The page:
At the same time while we're on this bullshit pissing contest? You can do the same thing with actors. Find an actor in a movie you like. Perform some research. Find out who they're repped by. If they're repped by an agency you wouldn't mind getting a meeting with? Reach out to the actor about your script. Don't send it to them of course but pitch it to them. Let them know you saw them in whatever movie that compelled you to reach out and tell them you think they are perfect for such and such part in the script. If they read it and like it? They too may very well be able to refer you to their agency. I've seen it done HUNDREDS of times so don't tell me THAT'S NOT THE WAY IT'S DONE. LOLOLOLOLOLOL. I'm certainly not telling anyone to go throw their script over some well-known actor's wall and into their back yard.

Legit producers turn away blind queries? Sure, a lot of them do. I never said they didn't but it only takes ONE yes to get your script read. LOLOLOLOLOL. I am pretty sure everyone on this site understands this is a NUMBERS game. I'm not advocating any ONE way to get your script read. There are in fact numerous ways to get that accomplished. And to be honest? I've checked out your website. No offense but producers like YOU are in fact the EASIEST producers to approach because they are in fact looking for material to kick them up to the next rung on the ladder.

You're sitting there telling us when a Producer PASSES, it means PASS! Drop it!

No shit? Is this not fucking OBVIOUS? Why would ANYONE turn around and fucking pester a producer who's just passed on your script and or query?

MOVE ON.

Now go transcribe another spec into a shooting script.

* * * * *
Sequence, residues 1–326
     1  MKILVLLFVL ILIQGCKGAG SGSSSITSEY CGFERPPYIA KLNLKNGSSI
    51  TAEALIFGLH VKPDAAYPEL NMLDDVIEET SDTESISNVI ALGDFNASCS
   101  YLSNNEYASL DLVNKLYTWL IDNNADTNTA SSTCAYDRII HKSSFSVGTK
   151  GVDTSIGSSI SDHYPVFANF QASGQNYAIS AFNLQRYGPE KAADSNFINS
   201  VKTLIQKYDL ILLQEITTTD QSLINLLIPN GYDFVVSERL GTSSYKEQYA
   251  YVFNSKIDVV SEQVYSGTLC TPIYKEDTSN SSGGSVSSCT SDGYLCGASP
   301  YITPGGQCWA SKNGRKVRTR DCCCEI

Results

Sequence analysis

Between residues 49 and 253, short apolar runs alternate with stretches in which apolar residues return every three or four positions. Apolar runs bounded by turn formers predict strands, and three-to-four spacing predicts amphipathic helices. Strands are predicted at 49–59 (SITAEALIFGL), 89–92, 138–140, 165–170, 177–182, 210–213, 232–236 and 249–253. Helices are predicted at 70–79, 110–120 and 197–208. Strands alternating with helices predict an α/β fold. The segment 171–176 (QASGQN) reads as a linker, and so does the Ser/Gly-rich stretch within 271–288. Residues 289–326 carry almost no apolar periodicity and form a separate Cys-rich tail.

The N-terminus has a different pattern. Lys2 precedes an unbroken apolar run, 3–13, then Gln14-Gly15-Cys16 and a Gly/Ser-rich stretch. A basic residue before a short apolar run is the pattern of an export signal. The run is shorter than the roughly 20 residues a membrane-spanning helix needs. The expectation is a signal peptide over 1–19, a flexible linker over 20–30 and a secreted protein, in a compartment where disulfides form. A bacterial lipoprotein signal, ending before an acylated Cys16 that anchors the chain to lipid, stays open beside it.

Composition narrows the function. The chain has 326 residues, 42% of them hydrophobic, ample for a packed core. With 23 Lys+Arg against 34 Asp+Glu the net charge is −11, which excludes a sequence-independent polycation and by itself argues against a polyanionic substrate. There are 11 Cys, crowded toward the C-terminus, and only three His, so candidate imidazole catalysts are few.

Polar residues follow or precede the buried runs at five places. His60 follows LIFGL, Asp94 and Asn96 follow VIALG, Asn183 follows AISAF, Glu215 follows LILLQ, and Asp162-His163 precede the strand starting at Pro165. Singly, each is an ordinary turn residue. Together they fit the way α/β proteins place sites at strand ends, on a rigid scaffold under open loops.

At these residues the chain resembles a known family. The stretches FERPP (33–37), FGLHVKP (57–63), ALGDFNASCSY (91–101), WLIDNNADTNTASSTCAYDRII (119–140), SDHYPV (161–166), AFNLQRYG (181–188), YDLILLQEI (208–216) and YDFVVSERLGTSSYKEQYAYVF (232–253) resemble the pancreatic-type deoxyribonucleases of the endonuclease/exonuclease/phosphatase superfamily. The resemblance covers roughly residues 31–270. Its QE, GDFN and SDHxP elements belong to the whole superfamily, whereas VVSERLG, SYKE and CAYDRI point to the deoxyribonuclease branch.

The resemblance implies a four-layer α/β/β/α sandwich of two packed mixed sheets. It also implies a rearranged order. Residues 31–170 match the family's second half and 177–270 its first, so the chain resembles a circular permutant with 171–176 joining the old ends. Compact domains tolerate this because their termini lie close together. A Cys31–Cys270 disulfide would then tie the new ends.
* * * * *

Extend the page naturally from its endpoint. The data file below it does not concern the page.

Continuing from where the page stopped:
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That's how it's done-- send it out on request.
Sure there are better possibilities, but they ain't gonna happen. Screenwriters have zero chance if they don't put thier workout there. And the fact is that you can make all the friends in the Industry you want, but you'll find they're not so quick to lay their reputation and maybe their job on the line for your script, because that's what they're doing if they go to bat for you.
As far as Producers not trusting Writers, that's on the Writers. They claim their scripts were stolen all the time because of similarities. I had a guy pitch a TV Show at me once. It was a show I watched when I was a kid, "It's About Time", but he thought it was an original idea, and I was trying to steal it. It was so close, he must have seen the show as a small child. He didn't believe me until I sung the show's theme song at him. So don't be so quick to think your "original" script is original, muchless worth stealing. Producers need Screenwriters more than they need scripts.
In any case, fish or cut bait. If you're not willing to send your script out on the Producer's Terms, you're wasting your time writing it.

Attached is the standard Release Form we use at Secret Life Productions.
I read your release form and it sounds quote sensible. So I'm curious, would it then make more practical sense — instead of submitting finished screenplays to whomever — to develop general creative and business relationships with independent producers so that both parties can feel comforatable working together on new projects, developing them together? That's how I often work as a marketing content writer, where editors and writers will shoot pitches, ideas, general requirements etc. back and forth until something sticks.
 
I read your release form and it sounds quote sensible. So I'm curious, would it then make more practical sense — instead of submitting finished screenplays to whomever — to develop general creative and business relationships with independent producers so that both parties can feel comforatable working together on new projects, developing them together? That's how I often work as a marketing content writer, where editors and writers will shoot pitches, ideas, general requirements etc. back and forth until something sticks.
That's exactly how it works and what I did. That's why I work even though I've never earned screen credit. I'm know screenwriting inside-out, but my imagination has never lined up with the times closely enough to have original material produced, until now.

To a Producer unsolicited screenplays are like listing skills on your resume. Can you handle characters? Continuity? Can you format? It's all there in your scripts.